“It's easy to say we've become a world on psychiatric medication— I mean that's indisputable. But what we're doing here is really sort of shady.”
‘Off Label,’ Directed by Michael Palmieri and Donal Mosher
The New York Times
By Nicolas Rapold
August 8, 2013
The overcrowded gallery of prescription-drug veterans in the diffuse documentary “Off Label” includes at least one actual war veteran, but nearly all seem to suffer from some kind of post-traumatic stress disorder. The source of trauma, as posited by the documentarians Michael Palmieri and Donal Mosher, is pharmaceuticals, here a kind of unyielding behemoth perceivable by the long, indifferent shadow it casts on the afflicted.
The cross-section of adherents, skeptics and walking wounded can be, story by story, hair-raising. Some cases are familiar — the mother of a suicide, a bipolar woman muted by bottles upon bottles of pills — but we also hear from a hotel-dwelling old hand at clinical drug trials and a renegade medical anthropologist. These filmmakers like to turn the spotlight on cultural intersections: a punk concert in the hometown of the Mayo Clinic, its attendees well medicated; or the wedding of a pierced couple who met jumping trains, the man professing his hatred of money yet content to let his wife work.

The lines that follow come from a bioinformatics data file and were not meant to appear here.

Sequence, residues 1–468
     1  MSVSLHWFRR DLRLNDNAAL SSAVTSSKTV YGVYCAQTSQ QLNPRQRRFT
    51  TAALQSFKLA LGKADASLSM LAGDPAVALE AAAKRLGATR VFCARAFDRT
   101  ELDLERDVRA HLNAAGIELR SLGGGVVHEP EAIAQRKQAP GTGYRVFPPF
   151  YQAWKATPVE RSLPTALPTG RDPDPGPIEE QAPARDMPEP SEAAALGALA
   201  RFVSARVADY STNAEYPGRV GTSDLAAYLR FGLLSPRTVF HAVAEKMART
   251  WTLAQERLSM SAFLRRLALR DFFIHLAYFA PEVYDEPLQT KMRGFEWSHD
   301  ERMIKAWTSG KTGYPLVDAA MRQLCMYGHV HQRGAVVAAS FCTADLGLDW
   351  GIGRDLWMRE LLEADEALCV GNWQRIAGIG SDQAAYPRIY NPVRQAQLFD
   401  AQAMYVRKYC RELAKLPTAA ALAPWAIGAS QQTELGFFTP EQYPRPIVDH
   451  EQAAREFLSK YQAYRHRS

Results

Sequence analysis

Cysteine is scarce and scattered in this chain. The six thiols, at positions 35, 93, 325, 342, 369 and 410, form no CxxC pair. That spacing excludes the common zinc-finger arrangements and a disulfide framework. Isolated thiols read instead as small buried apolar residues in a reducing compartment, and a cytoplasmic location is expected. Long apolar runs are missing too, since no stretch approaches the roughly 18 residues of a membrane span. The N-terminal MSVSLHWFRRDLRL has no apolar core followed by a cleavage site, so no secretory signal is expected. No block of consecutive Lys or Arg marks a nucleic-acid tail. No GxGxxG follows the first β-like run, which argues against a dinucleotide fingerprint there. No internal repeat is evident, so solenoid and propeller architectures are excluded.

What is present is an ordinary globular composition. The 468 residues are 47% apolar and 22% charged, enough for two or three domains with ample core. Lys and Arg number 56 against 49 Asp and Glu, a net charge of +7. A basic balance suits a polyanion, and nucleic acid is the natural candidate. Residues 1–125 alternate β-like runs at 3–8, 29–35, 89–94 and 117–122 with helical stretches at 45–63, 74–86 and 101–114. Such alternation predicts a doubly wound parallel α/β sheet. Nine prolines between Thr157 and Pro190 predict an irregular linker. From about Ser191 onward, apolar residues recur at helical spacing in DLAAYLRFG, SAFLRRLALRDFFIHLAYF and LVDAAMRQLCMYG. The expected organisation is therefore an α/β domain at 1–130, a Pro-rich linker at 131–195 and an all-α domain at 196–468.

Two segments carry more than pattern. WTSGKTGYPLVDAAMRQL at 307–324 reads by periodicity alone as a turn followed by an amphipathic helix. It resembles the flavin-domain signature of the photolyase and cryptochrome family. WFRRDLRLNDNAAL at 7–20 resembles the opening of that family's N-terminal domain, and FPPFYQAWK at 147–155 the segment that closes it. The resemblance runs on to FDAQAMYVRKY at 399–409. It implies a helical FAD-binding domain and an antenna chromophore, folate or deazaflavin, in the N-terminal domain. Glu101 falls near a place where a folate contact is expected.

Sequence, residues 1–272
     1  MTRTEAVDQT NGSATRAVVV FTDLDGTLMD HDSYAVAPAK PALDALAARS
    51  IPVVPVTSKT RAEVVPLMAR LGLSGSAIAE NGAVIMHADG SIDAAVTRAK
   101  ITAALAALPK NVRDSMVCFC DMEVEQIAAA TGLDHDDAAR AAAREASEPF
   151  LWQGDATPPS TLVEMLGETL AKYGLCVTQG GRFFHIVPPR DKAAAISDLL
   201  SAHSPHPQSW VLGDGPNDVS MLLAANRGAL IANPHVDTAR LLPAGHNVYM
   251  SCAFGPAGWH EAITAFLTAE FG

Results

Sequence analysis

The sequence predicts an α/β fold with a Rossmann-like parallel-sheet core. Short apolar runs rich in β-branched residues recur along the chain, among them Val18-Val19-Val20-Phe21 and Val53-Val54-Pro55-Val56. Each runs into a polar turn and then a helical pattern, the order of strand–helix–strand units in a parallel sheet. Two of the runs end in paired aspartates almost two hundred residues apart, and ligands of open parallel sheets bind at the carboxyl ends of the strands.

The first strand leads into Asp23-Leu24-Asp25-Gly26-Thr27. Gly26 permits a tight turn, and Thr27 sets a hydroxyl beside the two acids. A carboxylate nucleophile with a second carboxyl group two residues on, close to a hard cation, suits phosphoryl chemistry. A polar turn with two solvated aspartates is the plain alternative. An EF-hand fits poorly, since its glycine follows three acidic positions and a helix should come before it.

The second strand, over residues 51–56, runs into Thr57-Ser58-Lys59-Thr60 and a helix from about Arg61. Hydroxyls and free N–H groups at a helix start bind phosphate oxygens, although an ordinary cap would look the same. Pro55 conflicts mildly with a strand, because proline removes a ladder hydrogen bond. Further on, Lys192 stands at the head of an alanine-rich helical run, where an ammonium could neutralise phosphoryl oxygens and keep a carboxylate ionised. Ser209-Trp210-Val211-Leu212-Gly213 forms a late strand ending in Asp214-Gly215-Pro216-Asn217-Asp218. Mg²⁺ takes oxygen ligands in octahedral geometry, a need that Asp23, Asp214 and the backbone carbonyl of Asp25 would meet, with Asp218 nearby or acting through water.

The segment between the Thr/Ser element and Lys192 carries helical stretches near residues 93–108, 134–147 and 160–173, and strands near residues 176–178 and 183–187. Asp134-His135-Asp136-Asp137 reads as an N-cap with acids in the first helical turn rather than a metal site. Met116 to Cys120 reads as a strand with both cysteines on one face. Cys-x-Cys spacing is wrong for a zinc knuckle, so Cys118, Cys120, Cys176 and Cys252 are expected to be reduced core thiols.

The ex-soldier’s success with a veterans association, talking through problems rather than popping pills, is one of the bright spots in the film’s cluttered mix of those who need or riskily benefit from drugs. But the film’s stacked stories naggingly lack a cohesive train of thought beyond the often harmful pervasiveness of pharmaceuticals in American society.
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